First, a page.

(until 1975, Ellice Islands), a state consisting of a group of atolls in the western Pacific Ocean, in Polynesia. Area, 24 sq km. Population, about 10,000 (1979). Tuvalu consists of nine low-lying coral atolls that extend for more than 600 km. The islands, which have coconut-palm and banana plantations, export copra. The capital is the city of Funafuti.


Official name: Tuvalu

Capital city: Funafuti

Internet country code: .tv

Flag description: Light blue with the flag of the United Kingdom in the upper hoist-side quadrant; the outer half of the flag represents a map of the country with nine yel­low five-pointed stars symbolizing the nine islands

Geographical description: Oceania, island group consist­ing of nine coral atolls in the South Pacific Ocean, about one-half of the way from Hawaii to Australia

Total area: 10 sq. mi. (26 sq. km.)

Climate: Tropical; moderated by easterly trade winds (March to November); westerly gales and heavy rain (November to March)

Nationality: noun: Tuvaluan(s); adjective: Tuvaluan

Population: 11,992 (July 2007 CIA est.)

Ethnic groups: Polynesian 96%, Micronesian 4%

Languages spoken: Tuvaluan, English, Samoan, Kiribati (on the island of Nui)

Religions: Church of Tuvalu (Congregationalist) 97%, Sev­enth-Day Adventist 1.4%, Baha’i 1%, other 0.6%

Legal Holidays:

Boxing DayDec 26
Christmas DayDec 25
Good Friday - Easter MondayApr 22, 2011; Apr 6, 2012; Mar 29, 2013; Apr 18, 2014; Apr 3, 2015; Mar 25, 2016; Apr 14, 2017; Mar 30, 2018; Apr 19, 2019; Apr 10, 2020; Apr 2, 2021; Apr 15, 2022; Apr 7, 2023
New Year's DayJan 1


a country in the SW Pacific, comprising a group of nine coral islands: established as a British protectorate in 1892. From 1915 until 1975 the islands formed part of the British colony of the Gilbert and Ellice Islands; achieved full independence in 1978; a member of the Commonwealth (formerly a special member not represented at all meetings, until 2000). Languages: English and Tuvaluan. Religion: Christian majority. Currency: Australian dollar; Tuvalu dollars are also used. Capital: Funafuti. Pop.: 11 000 (2003 est.). Area: 26 sq. km (10 sq. miles)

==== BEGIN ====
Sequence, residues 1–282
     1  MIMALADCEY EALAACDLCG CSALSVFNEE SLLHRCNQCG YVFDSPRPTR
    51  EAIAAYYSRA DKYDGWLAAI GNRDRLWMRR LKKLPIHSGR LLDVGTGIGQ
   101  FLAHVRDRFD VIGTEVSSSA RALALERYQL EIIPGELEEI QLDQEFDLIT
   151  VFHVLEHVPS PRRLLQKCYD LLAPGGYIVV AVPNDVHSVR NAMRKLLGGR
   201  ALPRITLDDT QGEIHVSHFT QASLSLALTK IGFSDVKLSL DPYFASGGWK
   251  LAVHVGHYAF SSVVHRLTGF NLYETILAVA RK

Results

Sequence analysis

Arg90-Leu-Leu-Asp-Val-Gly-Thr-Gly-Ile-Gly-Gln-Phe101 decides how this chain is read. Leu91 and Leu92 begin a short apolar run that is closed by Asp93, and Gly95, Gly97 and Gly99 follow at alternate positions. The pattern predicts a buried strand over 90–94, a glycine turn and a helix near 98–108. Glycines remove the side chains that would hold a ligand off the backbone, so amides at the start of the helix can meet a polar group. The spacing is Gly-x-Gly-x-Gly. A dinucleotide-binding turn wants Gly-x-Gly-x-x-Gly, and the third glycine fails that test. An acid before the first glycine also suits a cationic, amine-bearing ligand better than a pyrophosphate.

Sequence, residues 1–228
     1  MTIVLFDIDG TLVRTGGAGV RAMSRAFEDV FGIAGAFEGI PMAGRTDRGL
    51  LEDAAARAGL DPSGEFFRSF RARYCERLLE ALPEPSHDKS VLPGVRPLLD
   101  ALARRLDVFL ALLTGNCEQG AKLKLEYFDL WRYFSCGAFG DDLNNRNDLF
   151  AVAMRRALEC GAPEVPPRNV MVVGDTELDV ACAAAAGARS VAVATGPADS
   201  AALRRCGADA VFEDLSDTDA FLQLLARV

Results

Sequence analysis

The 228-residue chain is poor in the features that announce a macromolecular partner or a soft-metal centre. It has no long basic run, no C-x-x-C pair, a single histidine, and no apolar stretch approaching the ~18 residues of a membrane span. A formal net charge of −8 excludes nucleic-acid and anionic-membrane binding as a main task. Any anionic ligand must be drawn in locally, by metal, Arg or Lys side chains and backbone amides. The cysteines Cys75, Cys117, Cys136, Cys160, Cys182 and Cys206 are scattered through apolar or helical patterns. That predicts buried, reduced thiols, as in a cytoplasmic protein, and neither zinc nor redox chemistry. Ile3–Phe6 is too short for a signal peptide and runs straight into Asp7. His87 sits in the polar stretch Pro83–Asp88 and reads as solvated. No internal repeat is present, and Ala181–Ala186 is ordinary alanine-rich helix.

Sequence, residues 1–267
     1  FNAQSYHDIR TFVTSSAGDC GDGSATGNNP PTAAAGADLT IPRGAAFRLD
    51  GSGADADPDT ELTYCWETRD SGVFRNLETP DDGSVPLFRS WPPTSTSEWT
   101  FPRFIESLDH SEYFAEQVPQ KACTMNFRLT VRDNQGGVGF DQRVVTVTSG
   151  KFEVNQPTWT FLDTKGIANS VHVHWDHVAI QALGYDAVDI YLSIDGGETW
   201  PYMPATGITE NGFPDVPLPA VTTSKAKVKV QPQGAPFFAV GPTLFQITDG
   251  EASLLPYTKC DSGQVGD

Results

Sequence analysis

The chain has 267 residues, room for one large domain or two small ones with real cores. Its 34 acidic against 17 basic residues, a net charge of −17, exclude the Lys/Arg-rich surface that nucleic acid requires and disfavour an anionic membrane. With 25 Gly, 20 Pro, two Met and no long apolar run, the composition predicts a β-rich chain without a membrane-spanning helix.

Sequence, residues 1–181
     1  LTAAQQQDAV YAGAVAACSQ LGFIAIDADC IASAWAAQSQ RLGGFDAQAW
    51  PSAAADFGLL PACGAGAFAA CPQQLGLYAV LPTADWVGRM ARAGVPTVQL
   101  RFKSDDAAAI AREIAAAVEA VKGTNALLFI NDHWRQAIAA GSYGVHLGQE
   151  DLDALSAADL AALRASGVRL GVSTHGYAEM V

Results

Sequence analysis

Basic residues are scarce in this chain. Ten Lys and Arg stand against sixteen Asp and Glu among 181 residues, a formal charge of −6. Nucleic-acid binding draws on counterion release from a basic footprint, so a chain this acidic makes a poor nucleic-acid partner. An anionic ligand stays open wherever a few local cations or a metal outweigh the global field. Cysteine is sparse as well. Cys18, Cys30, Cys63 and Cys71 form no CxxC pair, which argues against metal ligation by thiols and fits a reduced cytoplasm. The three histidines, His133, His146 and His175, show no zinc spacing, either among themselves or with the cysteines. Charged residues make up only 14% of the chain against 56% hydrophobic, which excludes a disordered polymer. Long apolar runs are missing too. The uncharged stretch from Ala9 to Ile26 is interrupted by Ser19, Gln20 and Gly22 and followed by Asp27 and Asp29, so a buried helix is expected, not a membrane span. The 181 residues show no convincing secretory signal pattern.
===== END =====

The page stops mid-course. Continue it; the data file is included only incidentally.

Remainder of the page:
References in periodicals archive ?
Reverend Elisala Selu, a thoughtful, soft-spoken man who has worked second jobs to avoid burdening his congregants, explains that Tuvaluan politicians are reluctant to encourage the mass evacuation of their voting base, and so the church, wanting people to be prepared, has taken matters into its own hands.
The rights of Tuvaluans to continue living in Tuvalu--and the value of Tuvaluan identity and culture to Tuvaluans and the world--means that there needs to be far greater effort at implementing adaptation in the islands to sustain the population and their way of life.
In Tuvaluan the verb fakatau 'compete, exchange' is used similarly (Besnier 2000) and in other Oceanic languages we find expressions with the basic meaning 'return', 'again'.
And residents are not united behind the idea, perhaps in part because the aggressive strategy also runs counter to the Tuvaluan way of getting along with your neighbor.
The reports cited figures released Tuesday by New Zealand's national statistical office showing that the country's Tuvaluan population increased from 400 in 1991 to 2,000 in 2001.
The Pacific cultural faux pas he made and experiences of Tuvaluan life offer the best stories.
The United States also signed an expanded ship-rider agreement under the under Oceania Maritime Security Initiative (OMSI) with Tuvalu in 2011 establishing a partnership to provide security and to support ship-rider missions which allow a Tuvaluan Navy official to ride on U.
0 Tuvalu 10 47 Funafuti Tuvaluan, English 10,000 1.
The preamble of the Constitution says the country is "an independent State based on Christian principles, the Rule of Law, and Tuvaluan custom and tradition.
III 62 Turkish kendi- kendi- I 63 Tuvaluan (ei)loa loa I 64 Tzotzil